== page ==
Raising My Glass to a Class Act.
By DARRYL MANZER.
Published in The Signal, 1-2-2005.
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A phenomenon rolled into the Santa Clarita Valley in 1961 that would have a major impact on the lives of an entire generation at Hart High School.
No, it wasn't what you might think of events in the 1960s. It wasn't drugs, or sex, or even rock 'n' roll. What came to town was a new music and band teacher at Hart High School (and Placerita Junior High, later).
Mr. Robert K. Downs and family had arrived, all the way from Xenia, Ohio. We, simple residents of the Santa Clarita Valley, were in for a shock.
I know. The auditorium at Hart is named for the successor to Bob Downs. That's OK, but the music program Mr. Downs built was the one that Larry Thornton inherited.
What a gift he got.
In 1961 my sister Alyce was still at Hart. She graduated with the class of '62. Being in band was about the last thing anyone wanted.
I remember going to the Christmas concert at the High School. (Yes, it was still called a "Christmas" concert.) The chorus was good. The band lacked many things intonation, rhythm, you name it. It also lacked numbers. It was about the size of the "pep bands" of later years, maybe 40 people.
Downs was a "people person." He could handle a large class or a small one. He got results from those who were thought to be without talent. He built the program at Hart High and, to some extent, in the entire district.
I had the joy of being in his program from 7th grade until I graduated from Hart in 1968. Marching band. Orchestra. Stage Band. Pep Band. We had it all.
I really think more folks came to the football games to see the half-time shows than to see the games. By 1967, Downs had molded the music program into an almost 200-member marching band, and a stage band that went to the Hollywood Bowl. We took prizes and trophies all over the state. Even the captain of the football team was a member of the band.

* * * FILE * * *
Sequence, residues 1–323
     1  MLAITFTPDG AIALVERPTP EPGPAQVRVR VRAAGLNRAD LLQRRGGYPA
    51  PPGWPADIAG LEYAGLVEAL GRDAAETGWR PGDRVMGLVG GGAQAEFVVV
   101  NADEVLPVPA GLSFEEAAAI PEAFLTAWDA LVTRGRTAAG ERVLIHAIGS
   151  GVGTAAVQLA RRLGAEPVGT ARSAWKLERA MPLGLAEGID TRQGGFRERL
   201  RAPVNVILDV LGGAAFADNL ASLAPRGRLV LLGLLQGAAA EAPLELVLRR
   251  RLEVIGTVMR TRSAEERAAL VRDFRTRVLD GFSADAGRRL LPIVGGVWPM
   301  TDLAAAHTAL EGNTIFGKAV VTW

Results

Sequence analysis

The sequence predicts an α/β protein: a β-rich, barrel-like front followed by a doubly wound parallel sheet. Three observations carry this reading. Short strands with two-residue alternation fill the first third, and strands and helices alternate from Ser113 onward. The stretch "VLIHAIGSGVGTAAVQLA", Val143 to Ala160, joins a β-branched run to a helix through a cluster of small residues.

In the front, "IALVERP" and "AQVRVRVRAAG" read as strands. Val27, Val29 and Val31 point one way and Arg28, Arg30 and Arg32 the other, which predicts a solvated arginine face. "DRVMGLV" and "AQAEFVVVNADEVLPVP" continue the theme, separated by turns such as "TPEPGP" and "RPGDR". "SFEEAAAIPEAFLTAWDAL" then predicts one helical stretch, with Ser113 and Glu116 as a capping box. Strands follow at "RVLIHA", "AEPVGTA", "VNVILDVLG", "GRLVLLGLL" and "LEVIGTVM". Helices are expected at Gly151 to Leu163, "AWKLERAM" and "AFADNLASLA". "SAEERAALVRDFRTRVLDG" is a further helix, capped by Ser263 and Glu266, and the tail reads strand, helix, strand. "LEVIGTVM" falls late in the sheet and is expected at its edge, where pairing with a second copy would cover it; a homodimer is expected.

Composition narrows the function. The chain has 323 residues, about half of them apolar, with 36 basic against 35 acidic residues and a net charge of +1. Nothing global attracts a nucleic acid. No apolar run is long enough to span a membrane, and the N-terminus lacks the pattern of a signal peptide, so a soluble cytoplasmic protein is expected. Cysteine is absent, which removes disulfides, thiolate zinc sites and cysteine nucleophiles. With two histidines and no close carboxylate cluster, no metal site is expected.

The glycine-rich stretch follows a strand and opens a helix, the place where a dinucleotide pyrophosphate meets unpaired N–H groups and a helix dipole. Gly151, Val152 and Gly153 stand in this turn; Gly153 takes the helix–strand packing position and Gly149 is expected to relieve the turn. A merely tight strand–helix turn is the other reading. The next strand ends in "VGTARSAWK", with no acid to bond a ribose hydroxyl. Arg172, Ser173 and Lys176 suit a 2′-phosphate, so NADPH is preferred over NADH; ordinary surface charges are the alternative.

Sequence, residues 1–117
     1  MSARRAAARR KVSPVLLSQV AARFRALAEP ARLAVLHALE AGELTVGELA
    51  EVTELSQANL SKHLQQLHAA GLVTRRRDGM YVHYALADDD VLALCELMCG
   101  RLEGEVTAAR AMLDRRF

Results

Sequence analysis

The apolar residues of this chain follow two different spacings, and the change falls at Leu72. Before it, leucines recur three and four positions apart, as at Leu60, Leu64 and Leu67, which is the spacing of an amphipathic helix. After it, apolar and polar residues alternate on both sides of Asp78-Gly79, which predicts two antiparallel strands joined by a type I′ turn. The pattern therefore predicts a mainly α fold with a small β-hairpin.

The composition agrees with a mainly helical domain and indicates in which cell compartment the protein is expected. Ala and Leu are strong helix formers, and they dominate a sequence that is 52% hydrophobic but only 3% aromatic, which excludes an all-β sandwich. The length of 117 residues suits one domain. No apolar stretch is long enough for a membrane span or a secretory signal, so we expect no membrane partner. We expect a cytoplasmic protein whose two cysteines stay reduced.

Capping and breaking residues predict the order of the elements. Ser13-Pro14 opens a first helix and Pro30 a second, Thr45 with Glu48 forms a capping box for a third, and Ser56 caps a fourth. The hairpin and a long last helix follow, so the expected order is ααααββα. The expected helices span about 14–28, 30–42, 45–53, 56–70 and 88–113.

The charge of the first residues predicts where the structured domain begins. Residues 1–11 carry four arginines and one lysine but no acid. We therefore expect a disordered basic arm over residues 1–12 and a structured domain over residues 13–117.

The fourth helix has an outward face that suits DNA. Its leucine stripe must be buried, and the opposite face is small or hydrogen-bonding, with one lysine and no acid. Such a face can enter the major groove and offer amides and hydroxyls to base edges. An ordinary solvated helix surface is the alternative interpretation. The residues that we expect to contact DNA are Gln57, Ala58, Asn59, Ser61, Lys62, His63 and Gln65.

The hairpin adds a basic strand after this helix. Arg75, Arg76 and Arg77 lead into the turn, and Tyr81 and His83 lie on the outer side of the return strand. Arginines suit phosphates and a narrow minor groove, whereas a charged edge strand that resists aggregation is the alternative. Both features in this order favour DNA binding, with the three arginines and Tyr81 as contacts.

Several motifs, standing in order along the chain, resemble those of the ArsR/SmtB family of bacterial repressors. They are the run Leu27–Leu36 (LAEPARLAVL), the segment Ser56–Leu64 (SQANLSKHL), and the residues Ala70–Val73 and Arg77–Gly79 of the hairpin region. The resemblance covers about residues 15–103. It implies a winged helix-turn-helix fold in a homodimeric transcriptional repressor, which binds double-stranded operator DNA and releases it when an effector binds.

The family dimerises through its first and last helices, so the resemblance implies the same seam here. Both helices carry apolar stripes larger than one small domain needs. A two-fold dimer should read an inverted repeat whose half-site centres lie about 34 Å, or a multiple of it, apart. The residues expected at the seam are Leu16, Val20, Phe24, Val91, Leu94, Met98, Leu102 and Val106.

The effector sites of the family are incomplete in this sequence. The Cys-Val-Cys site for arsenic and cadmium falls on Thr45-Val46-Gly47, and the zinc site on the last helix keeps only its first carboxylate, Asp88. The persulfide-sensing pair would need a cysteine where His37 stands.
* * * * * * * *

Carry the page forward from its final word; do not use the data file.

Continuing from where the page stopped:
Stage Band was "homeroom" for those of us in that band. We rehearsed in the morning before school started, and then we had our Stage Band class, and then we had marching band practice after school. There were also music theory classes, which I attended. Downs taught us at the college level in those classes. I took the music Theory proficiency test at San Fernando Valley State College (now California State University, Northridge), and was told I had completed all the music theory requirements for a degree in music education.
There has never been a band teacher like him at Hart since he left there in 1969. I've never talked with another former member of his music program who has had anything but good to say about Bob Downs.
He was like a father to many of us. At least, we often saw more of him during a typical week then we saw of our own parents. We even went to summer school so we could be in band with him.
I really believe that if the summer school band didn't show up for the Fourth of July Parade in Newhall, he would have marched down the street, playing his clarinet. But we couldn't let him do that. Every year, we took summer school band. I still can't believe we gave up much of our summer vacation time to do it. It was simply, when Mr. Downs asked, we said, "OK."
We had concerts at Hart Park in the summer. The junior high band members were allowed to sit in on those. Wow! I got to be in a band that was conducted by Bob Downs, and included Gary Downs, with Dave Downs on tuba. Later, when Gary went off to college, Andy Downs came into the band. He plays a mean trumpet.
What teacher does that today? (Maybe Gary and David do.) I'm not sure how Lois, better known to us as Mrs. Downs, put up with all the time he put into the band. Arranging music. Writing music. Rehearsals. Games. Concerts. I wonder if they still play the same arrangement of "Indian Love Call" during games? Bob Downs somehow turned that ballad into the unofficial fight song of the school. (He didn't think much of the original one).
I still feel guilty when I don't practice my clarinet enough as a member of the Tidewater Concert Band here in Virginia.
It fell on Bob Downs to tell me that my mother had died.
I was "up at the Downs," as I used to tell my mother, on the day she passed away.
I know he gave a report to her about me when he left this life for the next.
So, it is a New Year 2005. While Mr. Downs is blowing a hot lick or two with the Heavenly Jazz Ensemble, I know he is somehow still helping to direct each and every one of us who sat under his baton.
His teachings about music and life are still with me and with all of us of the 1961-68 Hart High bands.
Raise a glass, say a prayer, do whatever you do to welcome the New Year. No matter what you do in life, make a resolution to do it like Bob Downs did:
Change your part of the world for the better. Be a phenomenal phenomenon.
May the New Year be healthy and peaceful for you and yours.
Darryl Manzer lived in the Santa Clarita Valley oil town of Mentryville in the 1960s as a teenager. He now lives in Virginia.
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